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e-CFR data is current as of November 30, 2020

Title 29Subtitle BChapter VSubchapter BPart 778Subpart E → §778.408


Title 29: Labor
PART 778—OVERTIME COMPENSATION
Subpart E—Exceptions From the Regular Rate Principles


§778.408   The specified regular rate.

(a) To qualify under section 7(f), the contract must specify “a regular rate of pay of not less than the minimum hourly rate provided in subsection (a) or (b) of section 6 (whichever may be applicable).” The word “regular” describing the rate in this provision is not to be treated as surplusage. To understand the nature of this requirement it is important to consider the past history of this type of agreement in the courts. In both of the two cases before it, the Supreme Court found that the relationship between the hourly rate specified in the contract and the amount guaranteed was such that the employee in a substantial portion of the workweeks of the period examined by the court worked sufficient hours to earn in excess of the guaranteed amount and in those workweeks was paid at the specified hourly rate for the first 40 hours and at time and one-half such rate for hours in excess of 40 (Walling v. A. H. Belo Company, 316 U.S. 624, and Walling v. Halliburton Oil Well Cementing Company, 331 U.S.17). The fact that section 7(f) requires that a contract, to qualify an employee for exemption under section 7(f), must specify a “regular rate,” indicates that this criterion of these two cases is still important.

(b) The regular rate of pay specified in the contract may not be less than the applicable minimum rate. There is no requirement, however, that the regular rate specified be equal to the regular rate at which the employee was formerly employed before the contract was entered into. The specified regular rate may be any amount (at least the applicable minimum wage) which the parties agree to and which can reasonably be expected to be operative in controlling the employee's compensation.

(c) The rate specified in the contract must also be a “regular” rate which is operative in determining the total amount of the employee's compensation. Suppose, for example, that the compensation of an employee is normally made up in part by regular bonuses, commissions, or the like. In the past he has been employed at an hourly rate of $5 per hour in addition to which he has received a cost-of-living bonus of $7 a week and a 2-percent commission on sales which averaged $70 per week. It is now proposed to employ him under a guaranteed pay contract which specifies a rate of $5 per hour and guarantees $200 per week, but he will continue to receive his cost-of-living bonus and commissions in addition to the guaranteed pay. Bonuses and commissions of this type are, of course, included in the “regular rate” as defined in section 7(e). It is also apparent that the $5 rate specified in the contract is not a “regular rate” under the requirements of section 7(f) since it never controls or determines the total compensation he receives. For this reason, it is not possible to enter into a guaranteed pay agreement of the type permitted under section 7(f) with an employee whose regular weekly earnings are made up in part by the payment of regular bonuses and commissions of this type. This is so because even in weeks in which the employee works sufficient hours to exceed, at his hourly rate, the sum guaranteed, his total compensation is controlled by the bonus and the amount of commissions earned as well as by the hourly rate.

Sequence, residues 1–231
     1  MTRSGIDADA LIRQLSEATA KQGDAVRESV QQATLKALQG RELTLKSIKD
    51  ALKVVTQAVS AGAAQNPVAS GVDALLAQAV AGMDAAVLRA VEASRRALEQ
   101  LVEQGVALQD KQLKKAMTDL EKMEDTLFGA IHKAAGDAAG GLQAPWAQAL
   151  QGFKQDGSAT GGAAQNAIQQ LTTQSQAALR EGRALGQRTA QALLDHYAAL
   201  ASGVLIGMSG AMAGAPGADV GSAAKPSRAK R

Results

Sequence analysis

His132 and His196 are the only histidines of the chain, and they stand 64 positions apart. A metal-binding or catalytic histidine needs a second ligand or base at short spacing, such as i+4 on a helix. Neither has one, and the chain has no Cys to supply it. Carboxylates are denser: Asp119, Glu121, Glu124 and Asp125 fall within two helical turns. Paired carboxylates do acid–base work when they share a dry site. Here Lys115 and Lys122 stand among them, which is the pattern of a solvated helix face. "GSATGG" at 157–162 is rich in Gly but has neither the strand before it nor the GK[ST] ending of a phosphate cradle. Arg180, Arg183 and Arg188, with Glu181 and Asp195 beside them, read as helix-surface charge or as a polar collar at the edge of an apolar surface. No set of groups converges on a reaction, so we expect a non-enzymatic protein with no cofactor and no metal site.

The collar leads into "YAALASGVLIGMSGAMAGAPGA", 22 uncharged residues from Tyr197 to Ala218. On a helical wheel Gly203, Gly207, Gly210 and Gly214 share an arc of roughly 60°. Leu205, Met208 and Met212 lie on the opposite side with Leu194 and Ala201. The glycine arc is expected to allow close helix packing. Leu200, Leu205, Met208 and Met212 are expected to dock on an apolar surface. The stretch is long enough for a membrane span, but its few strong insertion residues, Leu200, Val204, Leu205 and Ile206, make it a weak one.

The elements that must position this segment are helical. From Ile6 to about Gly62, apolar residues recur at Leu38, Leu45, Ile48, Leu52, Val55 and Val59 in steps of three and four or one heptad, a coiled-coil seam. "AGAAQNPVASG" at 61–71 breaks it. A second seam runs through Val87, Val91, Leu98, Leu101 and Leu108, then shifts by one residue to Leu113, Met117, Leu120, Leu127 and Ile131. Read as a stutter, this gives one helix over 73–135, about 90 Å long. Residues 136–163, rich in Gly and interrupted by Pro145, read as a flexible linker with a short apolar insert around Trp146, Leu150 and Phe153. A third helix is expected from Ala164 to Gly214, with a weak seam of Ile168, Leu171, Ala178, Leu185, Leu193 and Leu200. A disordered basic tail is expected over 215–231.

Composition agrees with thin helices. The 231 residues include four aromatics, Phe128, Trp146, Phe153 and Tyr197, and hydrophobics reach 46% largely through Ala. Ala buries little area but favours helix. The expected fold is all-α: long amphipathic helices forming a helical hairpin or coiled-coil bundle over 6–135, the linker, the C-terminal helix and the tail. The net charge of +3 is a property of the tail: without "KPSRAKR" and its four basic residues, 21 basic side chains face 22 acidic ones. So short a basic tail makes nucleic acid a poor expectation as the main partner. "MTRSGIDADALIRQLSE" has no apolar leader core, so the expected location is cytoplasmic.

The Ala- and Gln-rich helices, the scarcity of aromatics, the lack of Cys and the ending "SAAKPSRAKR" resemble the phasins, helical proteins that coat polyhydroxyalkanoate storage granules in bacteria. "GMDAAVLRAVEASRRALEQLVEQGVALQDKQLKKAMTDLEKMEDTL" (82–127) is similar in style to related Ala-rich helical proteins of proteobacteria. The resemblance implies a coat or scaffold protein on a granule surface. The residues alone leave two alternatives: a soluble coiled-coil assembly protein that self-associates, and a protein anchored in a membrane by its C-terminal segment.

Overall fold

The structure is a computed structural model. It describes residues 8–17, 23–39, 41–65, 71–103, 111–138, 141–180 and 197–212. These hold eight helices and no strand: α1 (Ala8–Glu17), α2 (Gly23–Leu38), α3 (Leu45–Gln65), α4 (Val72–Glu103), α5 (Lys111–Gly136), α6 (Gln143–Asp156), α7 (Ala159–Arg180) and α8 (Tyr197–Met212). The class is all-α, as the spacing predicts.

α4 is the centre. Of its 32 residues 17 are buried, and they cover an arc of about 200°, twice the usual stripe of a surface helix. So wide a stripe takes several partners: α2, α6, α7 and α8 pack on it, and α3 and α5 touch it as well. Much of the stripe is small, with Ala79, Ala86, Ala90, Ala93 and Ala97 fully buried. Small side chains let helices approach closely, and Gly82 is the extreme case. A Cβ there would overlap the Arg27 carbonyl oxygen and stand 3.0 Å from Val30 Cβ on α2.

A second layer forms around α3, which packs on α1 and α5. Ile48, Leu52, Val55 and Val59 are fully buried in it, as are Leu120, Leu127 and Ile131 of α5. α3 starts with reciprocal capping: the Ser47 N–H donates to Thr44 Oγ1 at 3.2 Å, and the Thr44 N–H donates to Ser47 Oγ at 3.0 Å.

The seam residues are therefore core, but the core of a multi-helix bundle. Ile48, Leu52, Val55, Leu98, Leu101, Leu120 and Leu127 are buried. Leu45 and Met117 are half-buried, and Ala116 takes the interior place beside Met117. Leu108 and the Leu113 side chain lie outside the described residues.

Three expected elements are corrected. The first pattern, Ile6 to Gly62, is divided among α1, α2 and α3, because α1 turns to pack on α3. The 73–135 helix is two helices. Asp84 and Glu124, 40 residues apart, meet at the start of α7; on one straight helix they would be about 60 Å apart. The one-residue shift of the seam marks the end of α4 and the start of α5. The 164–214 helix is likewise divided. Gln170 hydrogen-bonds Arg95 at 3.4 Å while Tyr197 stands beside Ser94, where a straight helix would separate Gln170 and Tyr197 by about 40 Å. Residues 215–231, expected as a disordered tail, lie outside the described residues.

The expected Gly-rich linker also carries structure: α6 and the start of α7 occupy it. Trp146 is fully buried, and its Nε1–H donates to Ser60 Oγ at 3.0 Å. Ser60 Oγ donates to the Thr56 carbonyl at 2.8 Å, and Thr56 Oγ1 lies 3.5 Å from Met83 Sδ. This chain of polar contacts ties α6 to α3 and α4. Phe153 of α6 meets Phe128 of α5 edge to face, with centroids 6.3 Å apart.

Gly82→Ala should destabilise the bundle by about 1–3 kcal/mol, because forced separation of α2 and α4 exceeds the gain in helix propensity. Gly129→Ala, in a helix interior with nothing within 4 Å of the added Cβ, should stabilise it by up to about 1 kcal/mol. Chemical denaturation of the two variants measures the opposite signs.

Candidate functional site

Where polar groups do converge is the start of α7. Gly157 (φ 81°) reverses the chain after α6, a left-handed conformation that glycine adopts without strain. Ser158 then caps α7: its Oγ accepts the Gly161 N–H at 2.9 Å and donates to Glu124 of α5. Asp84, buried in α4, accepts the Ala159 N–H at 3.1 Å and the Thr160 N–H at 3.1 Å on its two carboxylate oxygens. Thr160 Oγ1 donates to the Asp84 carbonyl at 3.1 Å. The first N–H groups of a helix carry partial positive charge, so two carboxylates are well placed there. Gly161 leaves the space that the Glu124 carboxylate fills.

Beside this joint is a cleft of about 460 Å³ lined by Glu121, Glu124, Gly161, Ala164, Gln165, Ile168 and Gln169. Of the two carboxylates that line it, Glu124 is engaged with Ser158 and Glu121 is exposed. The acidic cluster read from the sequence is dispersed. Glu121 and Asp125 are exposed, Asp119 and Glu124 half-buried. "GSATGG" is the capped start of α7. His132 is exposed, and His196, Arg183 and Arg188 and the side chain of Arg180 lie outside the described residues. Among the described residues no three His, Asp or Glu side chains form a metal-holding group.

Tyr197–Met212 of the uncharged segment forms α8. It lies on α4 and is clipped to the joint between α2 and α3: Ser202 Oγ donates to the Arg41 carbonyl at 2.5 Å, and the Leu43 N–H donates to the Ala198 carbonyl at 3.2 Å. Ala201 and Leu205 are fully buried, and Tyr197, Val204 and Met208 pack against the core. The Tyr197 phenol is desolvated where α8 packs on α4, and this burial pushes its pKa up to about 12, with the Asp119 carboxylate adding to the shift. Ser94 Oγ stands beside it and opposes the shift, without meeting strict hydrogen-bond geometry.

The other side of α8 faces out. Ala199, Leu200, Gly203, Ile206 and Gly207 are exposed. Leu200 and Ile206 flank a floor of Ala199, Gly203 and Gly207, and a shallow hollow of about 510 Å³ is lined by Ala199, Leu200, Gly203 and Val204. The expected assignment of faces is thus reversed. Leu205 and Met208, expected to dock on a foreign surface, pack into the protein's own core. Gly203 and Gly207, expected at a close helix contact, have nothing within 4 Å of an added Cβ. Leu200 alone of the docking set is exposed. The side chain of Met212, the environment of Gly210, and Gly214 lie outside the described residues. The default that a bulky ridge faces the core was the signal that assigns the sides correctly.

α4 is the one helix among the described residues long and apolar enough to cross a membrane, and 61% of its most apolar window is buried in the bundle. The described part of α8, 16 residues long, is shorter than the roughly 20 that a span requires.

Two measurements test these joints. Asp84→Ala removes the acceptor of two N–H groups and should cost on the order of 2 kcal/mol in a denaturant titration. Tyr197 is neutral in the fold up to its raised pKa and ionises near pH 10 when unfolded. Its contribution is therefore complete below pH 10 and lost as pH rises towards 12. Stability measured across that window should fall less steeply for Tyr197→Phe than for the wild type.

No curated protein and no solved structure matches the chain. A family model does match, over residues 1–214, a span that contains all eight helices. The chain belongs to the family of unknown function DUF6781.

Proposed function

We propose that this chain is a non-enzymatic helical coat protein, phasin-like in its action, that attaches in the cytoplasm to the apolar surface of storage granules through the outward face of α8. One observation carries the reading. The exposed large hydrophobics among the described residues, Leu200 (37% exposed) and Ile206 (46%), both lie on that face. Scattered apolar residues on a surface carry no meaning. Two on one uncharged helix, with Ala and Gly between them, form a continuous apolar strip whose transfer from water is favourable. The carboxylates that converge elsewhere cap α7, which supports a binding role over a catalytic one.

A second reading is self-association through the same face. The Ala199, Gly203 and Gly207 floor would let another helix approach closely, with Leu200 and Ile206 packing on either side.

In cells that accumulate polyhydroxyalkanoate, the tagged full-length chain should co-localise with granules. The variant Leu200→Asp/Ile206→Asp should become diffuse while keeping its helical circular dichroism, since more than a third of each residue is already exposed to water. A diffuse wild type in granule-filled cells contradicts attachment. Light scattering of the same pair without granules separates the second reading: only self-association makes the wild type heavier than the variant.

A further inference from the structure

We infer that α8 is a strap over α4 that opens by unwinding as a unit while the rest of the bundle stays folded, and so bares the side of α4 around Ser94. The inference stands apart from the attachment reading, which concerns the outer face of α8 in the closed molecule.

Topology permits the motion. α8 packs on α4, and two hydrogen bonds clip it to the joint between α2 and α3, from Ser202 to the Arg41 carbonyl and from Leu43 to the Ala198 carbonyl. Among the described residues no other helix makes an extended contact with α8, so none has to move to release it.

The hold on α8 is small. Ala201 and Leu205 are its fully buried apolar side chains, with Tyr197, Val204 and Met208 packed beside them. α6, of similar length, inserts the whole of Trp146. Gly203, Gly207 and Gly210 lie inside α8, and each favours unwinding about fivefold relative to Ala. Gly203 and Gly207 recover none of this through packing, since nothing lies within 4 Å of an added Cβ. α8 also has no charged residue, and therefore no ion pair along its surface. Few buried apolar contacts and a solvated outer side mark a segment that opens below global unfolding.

(d) In order to qualify as a “regular rate” under section 7(f) the rate specified in the contract together with the guarantee must be the actual measure of the regular wages which the employee receives. However, the payment of extra compensation, over and above the guaranteed amount, by way of extra premiums for work on holidays, or for extraordinarily excessive work (such as for work in excess of 16 consecutive hours in a day, or for work in excess of 6 consecutive days of work), year-end bonuses and similar payments which are not regularly paid as part of the employee's usual wages, will not invalidate a contract which otherwise qualifies under section 7(f).

[33 FR 986, Jan. 26, 1968, as amended at 46 FR 7317, Jan. 23, 1981]

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